This House Election Committee listened to more than two hours of testimony over HB 48 and a proposed constitutional change to identification required to vote in the state.
The bill states that to vote in Missouri a person must have a valid drivers license, non-drivers license, any identification issued by the Missouri National Guard, Veteran’s Affairs, or the Armed Forces. If the resident is eligible to vote but does not have an acceptable form of identification the state would be required to issue one at no cost.
Those born before 1941, those with disabilities or who are handicapped and those with religious exemptions, would not have to adhere to the new statue. Those voters would be able to cast a provisional ballot at their polling place, where the signatures can be verified. Those with no identification and who are not exempt could still cast a provisional ballot and then return to the county clerk’s office within three days with proper identification to have their vote counted.
Representative Tony Dugger (R-Hartville) sponsored both HB 48 and HJR 5 and says he filed the measures out of concern for possible voter fraud.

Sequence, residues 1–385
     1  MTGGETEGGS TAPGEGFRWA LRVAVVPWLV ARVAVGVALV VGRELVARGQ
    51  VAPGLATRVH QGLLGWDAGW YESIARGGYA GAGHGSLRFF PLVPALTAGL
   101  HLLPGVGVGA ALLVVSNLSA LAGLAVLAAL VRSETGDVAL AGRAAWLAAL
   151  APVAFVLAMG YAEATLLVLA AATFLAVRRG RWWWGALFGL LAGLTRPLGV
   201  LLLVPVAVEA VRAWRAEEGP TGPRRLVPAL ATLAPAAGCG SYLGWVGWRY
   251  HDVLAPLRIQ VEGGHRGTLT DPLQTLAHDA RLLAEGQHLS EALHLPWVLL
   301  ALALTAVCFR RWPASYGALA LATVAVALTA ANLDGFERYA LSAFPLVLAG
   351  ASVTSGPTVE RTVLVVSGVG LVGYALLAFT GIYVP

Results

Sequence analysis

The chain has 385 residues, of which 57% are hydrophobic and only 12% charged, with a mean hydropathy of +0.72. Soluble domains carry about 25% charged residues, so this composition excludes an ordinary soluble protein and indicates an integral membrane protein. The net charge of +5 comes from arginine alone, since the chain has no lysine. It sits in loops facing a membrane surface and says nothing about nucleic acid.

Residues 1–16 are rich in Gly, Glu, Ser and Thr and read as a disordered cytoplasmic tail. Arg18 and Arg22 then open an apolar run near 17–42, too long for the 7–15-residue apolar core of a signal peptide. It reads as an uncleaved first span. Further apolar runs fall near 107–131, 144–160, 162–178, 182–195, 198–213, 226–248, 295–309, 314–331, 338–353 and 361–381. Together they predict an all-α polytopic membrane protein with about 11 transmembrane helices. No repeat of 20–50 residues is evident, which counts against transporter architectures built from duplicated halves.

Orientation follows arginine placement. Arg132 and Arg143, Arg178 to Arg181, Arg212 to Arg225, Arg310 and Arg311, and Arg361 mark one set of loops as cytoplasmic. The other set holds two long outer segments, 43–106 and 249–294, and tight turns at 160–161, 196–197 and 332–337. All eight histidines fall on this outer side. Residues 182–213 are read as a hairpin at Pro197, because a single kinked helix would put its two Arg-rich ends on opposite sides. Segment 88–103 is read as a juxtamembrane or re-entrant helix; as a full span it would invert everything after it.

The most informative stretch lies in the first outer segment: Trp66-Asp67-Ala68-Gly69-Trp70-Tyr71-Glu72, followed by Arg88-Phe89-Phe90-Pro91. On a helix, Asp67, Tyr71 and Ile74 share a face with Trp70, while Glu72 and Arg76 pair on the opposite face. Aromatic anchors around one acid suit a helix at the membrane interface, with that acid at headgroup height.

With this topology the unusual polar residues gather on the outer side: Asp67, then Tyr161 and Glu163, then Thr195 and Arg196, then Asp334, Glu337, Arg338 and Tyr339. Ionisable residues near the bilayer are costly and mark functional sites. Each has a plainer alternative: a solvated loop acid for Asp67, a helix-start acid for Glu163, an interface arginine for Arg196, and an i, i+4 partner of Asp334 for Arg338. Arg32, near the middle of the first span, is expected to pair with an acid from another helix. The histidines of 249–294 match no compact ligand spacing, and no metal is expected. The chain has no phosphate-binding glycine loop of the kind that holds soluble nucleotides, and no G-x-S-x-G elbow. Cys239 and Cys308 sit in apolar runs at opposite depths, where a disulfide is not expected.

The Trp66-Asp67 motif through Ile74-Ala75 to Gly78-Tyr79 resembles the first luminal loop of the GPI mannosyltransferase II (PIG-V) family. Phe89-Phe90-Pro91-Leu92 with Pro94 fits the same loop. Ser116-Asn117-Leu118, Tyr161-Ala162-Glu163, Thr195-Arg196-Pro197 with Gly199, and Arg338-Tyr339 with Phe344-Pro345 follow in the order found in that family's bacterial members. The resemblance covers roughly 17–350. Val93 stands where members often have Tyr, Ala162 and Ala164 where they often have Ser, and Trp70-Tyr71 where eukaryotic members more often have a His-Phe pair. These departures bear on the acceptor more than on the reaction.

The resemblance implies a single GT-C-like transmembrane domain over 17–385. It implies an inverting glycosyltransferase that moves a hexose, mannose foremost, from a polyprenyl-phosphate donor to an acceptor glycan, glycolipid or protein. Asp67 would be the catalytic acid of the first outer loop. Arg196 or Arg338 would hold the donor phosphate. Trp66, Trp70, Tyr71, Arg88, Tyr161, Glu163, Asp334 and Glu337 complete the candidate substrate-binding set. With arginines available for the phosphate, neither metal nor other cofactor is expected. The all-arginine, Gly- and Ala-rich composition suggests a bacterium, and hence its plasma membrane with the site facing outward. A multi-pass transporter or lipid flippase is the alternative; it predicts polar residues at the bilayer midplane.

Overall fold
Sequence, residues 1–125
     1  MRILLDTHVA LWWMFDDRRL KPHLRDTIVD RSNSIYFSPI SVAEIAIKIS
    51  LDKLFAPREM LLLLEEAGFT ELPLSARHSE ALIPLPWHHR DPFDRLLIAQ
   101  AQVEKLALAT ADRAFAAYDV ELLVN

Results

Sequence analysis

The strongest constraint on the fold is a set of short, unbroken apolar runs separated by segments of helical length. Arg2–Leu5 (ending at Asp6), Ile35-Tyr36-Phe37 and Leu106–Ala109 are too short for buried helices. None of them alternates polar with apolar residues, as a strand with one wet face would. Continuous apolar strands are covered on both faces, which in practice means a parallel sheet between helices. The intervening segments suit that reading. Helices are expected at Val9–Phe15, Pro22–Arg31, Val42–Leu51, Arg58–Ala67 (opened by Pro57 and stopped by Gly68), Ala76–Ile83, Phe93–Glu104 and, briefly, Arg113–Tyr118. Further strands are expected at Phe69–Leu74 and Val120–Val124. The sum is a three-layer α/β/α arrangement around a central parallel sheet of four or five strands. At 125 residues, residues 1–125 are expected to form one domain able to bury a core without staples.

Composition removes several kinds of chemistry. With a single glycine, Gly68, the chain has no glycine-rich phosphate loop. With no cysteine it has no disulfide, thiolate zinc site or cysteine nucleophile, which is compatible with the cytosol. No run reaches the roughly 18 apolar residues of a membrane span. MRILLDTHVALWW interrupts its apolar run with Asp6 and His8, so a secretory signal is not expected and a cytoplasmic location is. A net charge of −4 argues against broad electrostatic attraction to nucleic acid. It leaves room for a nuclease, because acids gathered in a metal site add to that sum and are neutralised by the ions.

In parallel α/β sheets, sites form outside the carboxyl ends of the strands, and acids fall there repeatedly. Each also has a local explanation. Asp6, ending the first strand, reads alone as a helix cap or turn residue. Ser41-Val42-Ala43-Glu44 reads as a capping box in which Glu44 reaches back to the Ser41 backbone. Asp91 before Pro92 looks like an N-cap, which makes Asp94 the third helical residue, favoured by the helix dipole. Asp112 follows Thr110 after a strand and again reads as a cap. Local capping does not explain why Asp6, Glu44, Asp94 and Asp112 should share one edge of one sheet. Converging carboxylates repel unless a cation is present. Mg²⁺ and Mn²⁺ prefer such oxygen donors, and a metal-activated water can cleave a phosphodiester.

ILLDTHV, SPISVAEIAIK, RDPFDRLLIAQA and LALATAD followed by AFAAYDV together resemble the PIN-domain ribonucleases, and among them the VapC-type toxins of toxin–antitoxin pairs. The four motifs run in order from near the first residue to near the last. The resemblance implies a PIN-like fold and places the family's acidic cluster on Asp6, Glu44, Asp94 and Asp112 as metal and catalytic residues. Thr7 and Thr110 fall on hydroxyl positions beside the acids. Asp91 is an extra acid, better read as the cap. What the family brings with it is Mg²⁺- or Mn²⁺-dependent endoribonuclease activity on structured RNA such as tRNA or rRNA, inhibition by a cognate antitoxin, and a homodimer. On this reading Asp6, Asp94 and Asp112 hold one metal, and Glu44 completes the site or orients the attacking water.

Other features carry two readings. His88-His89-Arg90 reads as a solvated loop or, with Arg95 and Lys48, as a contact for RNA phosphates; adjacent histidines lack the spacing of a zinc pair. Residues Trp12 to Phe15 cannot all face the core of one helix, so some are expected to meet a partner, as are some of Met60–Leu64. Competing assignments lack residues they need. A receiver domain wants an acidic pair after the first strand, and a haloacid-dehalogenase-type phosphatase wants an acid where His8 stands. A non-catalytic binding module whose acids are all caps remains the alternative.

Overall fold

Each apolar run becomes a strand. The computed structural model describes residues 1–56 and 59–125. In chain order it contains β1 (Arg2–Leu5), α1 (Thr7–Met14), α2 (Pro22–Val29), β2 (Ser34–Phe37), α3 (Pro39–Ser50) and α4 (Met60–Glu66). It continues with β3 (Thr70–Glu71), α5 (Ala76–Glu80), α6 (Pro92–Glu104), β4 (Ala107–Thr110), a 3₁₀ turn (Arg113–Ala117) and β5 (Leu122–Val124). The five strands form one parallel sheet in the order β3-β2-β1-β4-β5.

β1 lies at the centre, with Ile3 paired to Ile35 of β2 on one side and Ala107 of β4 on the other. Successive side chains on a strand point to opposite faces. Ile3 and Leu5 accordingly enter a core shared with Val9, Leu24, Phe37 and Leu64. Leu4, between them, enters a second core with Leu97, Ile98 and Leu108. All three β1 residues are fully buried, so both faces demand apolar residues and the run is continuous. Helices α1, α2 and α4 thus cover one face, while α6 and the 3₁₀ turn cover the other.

A former county clerk, Dugger said he knows the possibility for fraud exists. “In the 14 years that I was county clerk, every time
that you would mail these voter ID cards out, I would get someone who would come into my office and bring me some cards and say, ‘These got delivered to my mailbox. I have no idea who they are’,” he says. “They don’t know who they are but their cards ended up in their mailbox, and it happens in every election. There’s just that chance out there that somebody could take that card, and that’s a form of ID that could currently be used … and vote with it.”
The bill allows anyone who is not able to produce proper identification to still place a provisional ballot at the polling place. However, opponents of the bill said that is not good enough.
“We all know those provisional ballots do not get counted,” said Stacey Newman (D-Richmond Heights).
Secretary of State spokesman John Scott said in the 2012 election only 25 percent of provisional ballots were counted.
Bill opponents said the legislation would disenfranchise as many as 250,000 Missouri voters.
No one testified in favor of the two proposals. The committee has not voted on any of the Voter ID measures as yet.